You must be in a rather cold climate as I'm just shy of Canada and we just picked out tomatoes. I'm guessing Colorado. If it is below freezing outside, an uninsulated garage wall with no intentional heat will certainly be cold enough for frost. Air leakage would normally be the other way, from the garage to the house with stack effect. With a forced hot air system they may be blowing conditioned air into the garage. If there is leakage to the outside on the return side, the excess hot air has to go somewhere.
Do they park vehicles in the garage, if so they need to air seal for CO reasons as well, including the ceiling/attic boundary. If the vehicles are being brought in wet or snow covered that is another moisture source.
Basically, isolate the garage from the house (air sealing) and control any other moisture source. You didn't mention bath and kitchen fans.
New York but close enough. Just shy of Canada, almost.
There are two bath fans and a kitchen fan, all properly vented. I didn't think about the snow from the cars as they do park two cars in there. I've proposed air sealing the basement and attic to separate the garage from the house. The weather strip on the door between the two is in rough shape and will be addressed also.
The customer wants the exterior walls of the garage insulated but I don't want him to waste his money. He does not plan to add a heat source.
The house is only 9 years old.
We have only had a couple of frost nights so far in Bangor so figured you were out west.
Moisture in a garage is always a problem if you can't drain it off properly. Insulation and sheetrock may help hold the temp up a bit, but the moisture still has to go somewhere. Most garages leak air to the outside fast enough to take the water with it.
If they want to go the finished route with a bit of heat, I don't believe they can extend the forced hot air out there. That would be connecting the garage directly to the house air supply.
Not a lot of easy choices.
How effective is the venting on the dryer, bath and kitchen vents? Do they effectively vent outside? Might run some CFM testing on them. See if what leaves is what went in. I would consider a ventilation fan in the garage if they are not intending to heat. Less than insulation.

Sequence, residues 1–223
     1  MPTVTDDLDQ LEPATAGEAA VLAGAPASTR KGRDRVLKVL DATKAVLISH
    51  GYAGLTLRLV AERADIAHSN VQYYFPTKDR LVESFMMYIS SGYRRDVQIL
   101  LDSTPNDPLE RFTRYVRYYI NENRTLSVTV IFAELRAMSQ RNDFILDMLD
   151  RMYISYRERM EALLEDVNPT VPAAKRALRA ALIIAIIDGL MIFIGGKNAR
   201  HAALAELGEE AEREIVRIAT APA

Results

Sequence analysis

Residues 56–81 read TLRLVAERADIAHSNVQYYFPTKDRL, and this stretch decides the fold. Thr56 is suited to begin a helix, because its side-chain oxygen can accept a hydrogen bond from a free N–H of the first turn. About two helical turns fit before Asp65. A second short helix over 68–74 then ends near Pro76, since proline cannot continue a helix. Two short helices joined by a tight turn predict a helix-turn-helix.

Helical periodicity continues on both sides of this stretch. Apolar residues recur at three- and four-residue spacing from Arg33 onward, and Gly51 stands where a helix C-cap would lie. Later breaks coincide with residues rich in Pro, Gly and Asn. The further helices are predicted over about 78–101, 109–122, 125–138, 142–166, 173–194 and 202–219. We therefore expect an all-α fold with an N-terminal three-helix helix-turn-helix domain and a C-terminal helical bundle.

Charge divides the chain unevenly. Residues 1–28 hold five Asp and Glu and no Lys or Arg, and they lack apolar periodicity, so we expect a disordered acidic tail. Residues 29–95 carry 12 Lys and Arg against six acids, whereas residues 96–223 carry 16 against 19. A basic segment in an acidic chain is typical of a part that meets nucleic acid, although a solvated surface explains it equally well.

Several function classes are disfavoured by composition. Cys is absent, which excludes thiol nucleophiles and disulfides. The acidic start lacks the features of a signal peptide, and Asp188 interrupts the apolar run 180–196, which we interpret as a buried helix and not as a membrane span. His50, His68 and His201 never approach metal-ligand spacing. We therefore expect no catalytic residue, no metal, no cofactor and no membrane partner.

Install only after air sealing between house and garage. Other wise you just put air from the house to the garage.
I work with a radiant barrier coating that can be used as an interior / exterior paint. Let me pass on something I have experienced that sounds identicle to what this garage is experiencing.
Radiant heat energy is going to enter the garage from the walls and door and warm the air.
That heat energy is going to radiate towards the much colder exterior walls. When that happens, it carries whatever humidity is present with it until it runs into the walls, the heat energy goes through the walls but the humidity forms as condensation. Ergo; wet walls. I might even venture to say that the garage 's exterior walls might even be wetter closest to the walls of the house than they are farther away from them.. Ask the homeowners if this is the case.
You are in a very cold climate and you are getting wet walls that are freezing, frost as a result. We have a much warmer climate here and we get MOLD in the winter time because of the exact same reason.
I have two cases I will cite where I painted the outside walls on one side of the houses to reduce the heat gain in the summer and keep it warmer in the winter. We did just that in both cases. What they did NOT tell us in either case, at first, was that they also had a horrible mold problem on the inside surface of those same walls..
Once the exterior walls were coated, they had ZERO mold the next winter and have had ZERO since, three years now..
I asked why they had not said anything about it and they said they had never dreamed it would have any effect. We proved that stopping the radiant heat transfer of the walls also stopped the condensation forming and creating wet interior walls which allowed the mold to grow.
I will attach the statements from the homeowners.
Just a note;
The Rubles had stucco exterior walls, 2 x 4's, no insulation and wood paneling as the inside walls.
The Gusmans wall was foundation block, concrete filled, no insulation. The interior was the other side of the foundation blocks.
Both of these are here in my area of California. I have had a few others but did not gat a statement. We have MANY of these cases from Texas but there, no statements.